The best $30 of my life

Six years ago, I spent $30 on adopting my cat George. And by $30, that includes his adoption fee, vaccinations, microchip, and neutering. It’s the best $30 I’ve ever spent, and George isn’t just my pet, but also a family member who has melted the hearts of even the most stoic of dads.

George at 8 months old.

I adopted George while I was going through a major transition in my life. I was two years into unpacking some heavy trauma, overmedicated, thinking about leaving medicine, and insecure about the future. When I think about that time, choosing to adopt a pet was a purely selfish one, but I also like to think that he chose me too.

George is almost 7 years old!

Now, if I could only get him to enjoy being picked up…

George and I sharing a tender moment.

Signed, sealed, (and soon to be) delivered

I just finished sealing my latest pet painting! Here’s a photo of Ponyo’s portrait:

I’m planning to deliver it next week.

If you’re curious about her name, this corgi was named after Brunhilde, daughter of the sea wizard Fujimoto, in the Ghibli animated film Ponyo. Early in the film, she declares her preference to be called Ponyo, and we follow her reclamation of her identity and sense of purpose throughout the film. I’m not doing this film any justice at all by how I’ve described it, but I won’t say more so I don’t spoil it. I highly recommend it if you’re looking for something to watch that’s got a mix of tenderness, adventure, and sprinkles of magic and mysticism.

Personally, I think Ponyo rolls off the tongue much easier than Brunhilde. What do you think?

Holding space and claiming one of your own

As we wrap up November and head straight into the holiday season, like many, I find myself contemplating the year and everything that’s happened. As one of my friends put it, it’s like hundreds of years of trauma and growth finally reached a climax in 2020, and we’ve been challenged to place life as we knew it on hold to face our personal and collective demons. You had plans in 2020? Yeah, think again. The Universe, Nature, God, Spirit—whichever you subscribe to—has other plans.

Personally, I faced a devastating heartbreak from the end of my most significant relationship, which I’m still grieving but am finally finding my own sense of real closure on. Amid these unpredictable times of prolonged, collective loss through financial hardship and instability, illness and death, catastrophic climate change, and divisive rhetoric, I find myself breathing through the act of holding space for myself and the jarring experiences and emotions we are all trying to grasp.

One of my friends asked me what it means to hold space. To me, holding space means to allow what is to just be—staying in the present and meeting yourself, others, and situations just as they are. For me, holding space means taking pauses, creating, with intention, a moment to receive and accept. None of it is passive, and it is an active and often emotionally taxing practice. In these times of strife, I find it to be more and more important for my own sense of groundedness and the interconnectedness that is written into our humanity. Holding space can feel like an act of defiance at times, but its intentions are anything but that. Just like the dormant season before the bloom of spring or the fire that initiates germination, holding space for what must be is a part of growth and new beginnings.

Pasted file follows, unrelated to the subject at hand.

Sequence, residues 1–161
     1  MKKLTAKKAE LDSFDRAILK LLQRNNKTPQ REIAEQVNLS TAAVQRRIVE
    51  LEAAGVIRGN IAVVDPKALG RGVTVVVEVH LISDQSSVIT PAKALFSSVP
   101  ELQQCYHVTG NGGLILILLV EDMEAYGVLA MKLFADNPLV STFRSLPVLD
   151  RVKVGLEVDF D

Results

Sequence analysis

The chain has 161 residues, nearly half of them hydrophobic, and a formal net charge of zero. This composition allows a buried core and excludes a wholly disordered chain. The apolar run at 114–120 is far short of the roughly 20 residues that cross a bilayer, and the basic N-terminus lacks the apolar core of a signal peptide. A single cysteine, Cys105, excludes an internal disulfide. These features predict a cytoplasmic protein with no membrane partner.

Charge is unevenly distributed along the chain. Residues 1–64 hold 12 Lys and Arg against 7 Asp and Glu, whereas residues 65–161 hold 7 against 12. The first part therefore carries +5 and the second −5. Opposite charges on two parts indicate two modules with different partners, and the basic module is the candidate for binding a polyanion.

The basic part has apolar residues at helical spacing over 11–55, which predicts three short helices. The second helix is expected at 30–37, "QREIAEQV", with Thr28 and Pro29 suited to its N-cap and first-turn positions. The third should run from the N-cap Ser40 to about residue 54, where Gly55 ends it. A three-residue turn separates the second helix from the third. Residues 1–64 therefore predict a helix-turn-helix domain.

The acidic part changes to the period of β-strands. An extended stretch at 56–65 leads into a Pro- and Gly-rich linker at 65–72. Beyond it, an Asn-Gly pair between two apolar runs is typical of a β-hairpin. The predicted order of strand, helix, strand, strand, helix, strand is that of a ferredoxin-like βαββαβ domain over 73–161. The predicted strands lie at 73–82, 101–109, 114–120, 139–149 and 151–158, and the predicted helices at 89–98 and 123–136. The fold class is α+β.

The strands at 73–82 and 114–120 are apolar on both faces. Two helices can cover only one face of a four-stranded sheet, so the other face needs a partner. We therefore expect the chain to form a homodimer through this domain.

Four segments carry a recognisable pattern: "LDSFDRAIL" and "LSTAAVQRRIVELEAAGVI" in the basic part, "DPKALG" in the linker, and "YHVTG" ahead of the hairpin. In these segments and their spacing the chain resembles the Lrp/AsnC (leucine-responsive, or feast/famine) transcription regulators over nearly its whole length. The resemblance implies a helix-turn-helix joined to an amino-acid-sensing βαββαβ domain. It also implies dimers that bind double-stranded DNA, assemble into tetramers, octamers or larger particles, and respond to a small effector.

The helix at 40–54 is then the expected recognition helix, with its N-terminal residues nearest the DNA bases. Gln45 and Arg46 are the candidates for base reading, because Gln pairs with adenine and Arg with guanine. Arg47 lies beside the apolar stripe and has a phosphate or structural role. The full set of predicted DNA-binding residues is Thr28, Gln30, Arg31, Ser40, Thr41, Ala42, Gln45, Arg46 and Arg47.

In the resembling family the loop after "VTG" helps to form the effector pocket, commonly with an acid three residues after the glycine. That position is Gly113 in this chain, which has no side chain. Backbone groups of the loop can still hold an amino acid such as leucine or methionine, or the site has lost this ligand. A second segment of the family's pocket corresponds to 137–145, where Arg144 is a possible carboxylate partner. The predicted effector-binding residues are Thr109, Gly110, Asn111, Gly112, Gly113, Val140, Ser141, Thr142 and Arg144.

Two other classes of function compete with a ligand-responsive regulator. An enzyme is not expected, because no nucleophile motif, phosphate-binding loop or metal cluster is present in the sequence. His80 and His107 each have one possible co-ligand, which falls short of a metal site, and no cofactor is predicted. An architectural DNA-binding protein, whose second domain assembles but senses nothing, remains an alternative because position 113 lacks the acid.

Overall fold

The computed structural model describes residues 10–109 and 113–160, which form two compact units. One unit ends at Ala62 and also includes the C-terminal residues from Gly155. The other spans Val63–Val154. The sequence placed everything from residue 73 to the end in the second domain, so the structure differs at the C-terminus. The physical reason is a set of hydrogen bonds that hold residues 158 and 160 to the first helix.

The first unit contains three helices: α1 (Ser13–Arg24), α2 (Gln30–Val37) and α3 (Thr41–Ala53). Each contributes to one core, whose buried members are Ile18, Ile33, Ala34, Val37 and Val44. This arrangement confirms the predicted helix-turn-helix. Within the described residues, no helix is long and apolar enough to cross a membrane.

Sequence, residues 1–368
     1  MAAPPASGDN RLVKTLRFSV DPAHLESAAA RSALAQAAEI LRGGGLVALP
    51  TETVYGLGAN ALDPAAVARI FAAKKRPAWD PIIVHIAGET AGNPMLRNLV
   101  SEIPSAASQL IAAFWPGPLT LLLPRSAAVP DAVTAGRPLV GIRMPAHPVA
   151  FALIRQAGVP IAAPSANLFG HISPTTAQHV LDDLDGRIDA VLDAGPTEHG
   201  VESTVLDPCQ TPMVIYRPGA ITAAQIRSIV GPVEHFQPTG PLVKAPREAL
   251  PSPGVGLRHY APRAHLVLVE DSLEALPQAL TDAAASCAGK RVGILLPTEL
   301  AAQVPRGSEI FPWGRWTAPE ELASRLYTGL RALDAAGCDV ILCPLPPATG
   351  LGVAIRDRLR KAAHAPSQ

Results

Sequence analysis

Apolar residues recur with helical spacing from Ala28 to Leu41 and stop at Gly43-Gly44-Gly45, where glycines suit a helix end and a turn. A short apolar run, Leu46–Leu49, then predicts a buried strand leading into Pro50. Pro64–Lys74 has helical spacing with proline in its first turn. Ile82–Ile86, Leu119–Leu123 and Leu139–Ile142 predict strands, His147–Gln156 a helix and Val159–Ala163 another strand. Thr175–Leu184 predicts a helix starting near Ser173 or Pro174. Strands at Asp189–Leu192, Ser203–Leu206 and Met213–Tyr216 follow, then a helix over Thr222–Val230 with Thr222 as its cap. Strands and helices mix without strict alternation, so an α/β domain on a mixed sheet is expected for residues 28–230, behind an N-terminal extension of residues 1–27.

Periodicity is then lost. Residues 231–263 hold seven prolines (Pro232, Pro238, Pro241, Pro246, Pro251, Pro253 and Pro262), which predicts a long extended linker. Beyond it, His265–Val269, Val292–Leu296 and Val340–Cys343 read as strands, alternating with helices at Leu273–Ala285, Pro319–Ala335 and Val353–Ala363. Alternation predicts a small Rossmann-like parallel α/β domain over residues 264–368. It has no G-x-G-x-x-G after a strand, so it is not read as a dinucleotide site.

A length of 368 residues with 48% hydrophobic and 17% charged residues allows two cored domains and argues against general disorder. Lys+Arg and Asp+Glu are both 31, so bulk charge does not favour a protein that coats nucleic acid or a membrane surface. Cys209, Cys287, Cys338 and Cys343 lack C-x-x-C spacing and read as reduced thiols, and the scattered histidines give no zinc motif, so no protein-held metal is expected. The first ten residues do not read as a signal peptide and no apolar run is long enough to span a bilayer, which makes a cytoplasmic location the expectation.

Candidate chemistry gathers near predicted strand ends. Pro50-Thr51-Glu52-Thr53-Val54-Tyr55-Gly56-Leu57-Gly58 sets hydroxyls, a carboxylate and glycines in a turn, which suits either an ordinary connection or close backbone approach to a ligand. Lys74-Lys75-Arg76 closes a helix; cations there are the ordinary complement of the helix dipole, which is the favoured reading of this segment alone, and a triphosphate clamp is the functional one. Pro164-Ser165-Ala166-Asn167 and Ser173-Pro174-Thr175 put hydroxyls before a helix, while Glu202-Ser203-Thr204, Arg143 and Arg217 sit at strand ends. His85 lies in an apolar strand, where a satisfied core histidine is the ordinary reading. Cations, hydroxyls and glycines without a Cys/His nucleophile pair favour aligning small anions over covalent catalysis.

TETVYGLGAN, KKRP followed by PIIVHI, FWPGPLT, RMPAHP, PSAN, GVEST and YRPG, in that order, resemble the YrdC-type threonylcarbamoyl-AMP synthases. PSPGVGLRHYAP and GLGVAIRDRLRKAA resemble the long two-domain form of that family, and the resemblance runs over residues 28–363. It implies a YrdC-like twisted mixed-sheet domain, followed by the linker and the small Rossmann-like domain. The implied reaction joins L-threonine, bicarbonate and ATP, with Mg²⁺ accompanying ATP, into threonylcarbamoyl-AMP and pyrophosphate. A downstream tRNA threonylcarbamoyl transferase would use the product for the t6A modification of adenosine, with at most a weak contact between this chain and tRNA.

Hold space where and when you can—for yourself and for others. In times of physical isolation and when the world we once knew must transform, making room is where it begins.

Body counts

I’m sitting on a roof catching the sun while I still can. It’s a quiet afternoon, as quiet as it can be near downtown. I’d just gotten off the phone with a friend in the throes of a COVID-19 infection. Total people I know who’ve contracted the infection: eight and counting. Total people I know who’ve died from COVID-19: one.

I remember sitting in on a meeting in July, right after one of my relatives died of COVID-19. Folks on the call were talking about how the California government was overreacting to the precautions we were taking to try to mitigate its spread, that all things considered, it was more important to maintain our regular lives than to live in fear of catching the illness, that all in all, COVID-19 wasn’t really as bad as our public health agencies were making it seem. I had to excuse myself from the rest of that call.

It’s easy to take a self-centered approach to all of this. It’s easy to say, hey, well I’m not affected and I don’t know anyone else who’s gotten it, so why should I be worried? I don’t think we should be living in fear. They are right about one thing—that we can’t live in fear, at least not for too much or too long. Fear, while at times compelling us to redirect our motivations and actions, also blocks us from moving with clear intention.

I consider myself rather cautious, especially because I live in close quarters with my neighbors and my parents are vulnerable to severe disease. I’ve come to accept that at some point I’ll contract it too, regardless of how careful I am. Yet, I, too, no matter how outwardly healthy I appear, live with a pre-existing condition that renders me vulnerable, but I’ll get to that if the time comes.

I wonder what those same folks in July are saying now. In the US alone, we’ve surpassed 254,000 deaths. In Los Angeles County—almost 7,400 to date.

I think I’ll paint today.

3,300 and counting

I live about 2 miles away from my first home in Los Angeles when I immigrated here in 1991. So much has changed since then, but the biggest thing on my mind now is the 3,300+ new daily cases of COVID-19 we are averaging.

With holidays approaching, tensions growing from unemployment, increased rates of homelessness, and stricter safety precautions, including a curfew being imposed for a month starting this Saturday night, it’s hard to know what’s going to happen in the coming weeks. Upheaval continues to be in the air.

I’m optimistic about emerging COVID-19 vaccines, but it’s hard to know how we’ll get enough people to get vaccinated in order for them to be effective on a large community scale and demonstrate herd immunity. I don’t think we’ll have a glimpse of much normalcy until the end of 2021, which—even then, from all of the projections I’ve kept up with—seems to fall on the more ideal end rather than what we might actually experience. I’ll stay optimistic for now. Ask me again in November 2021.

A Complex Anatomy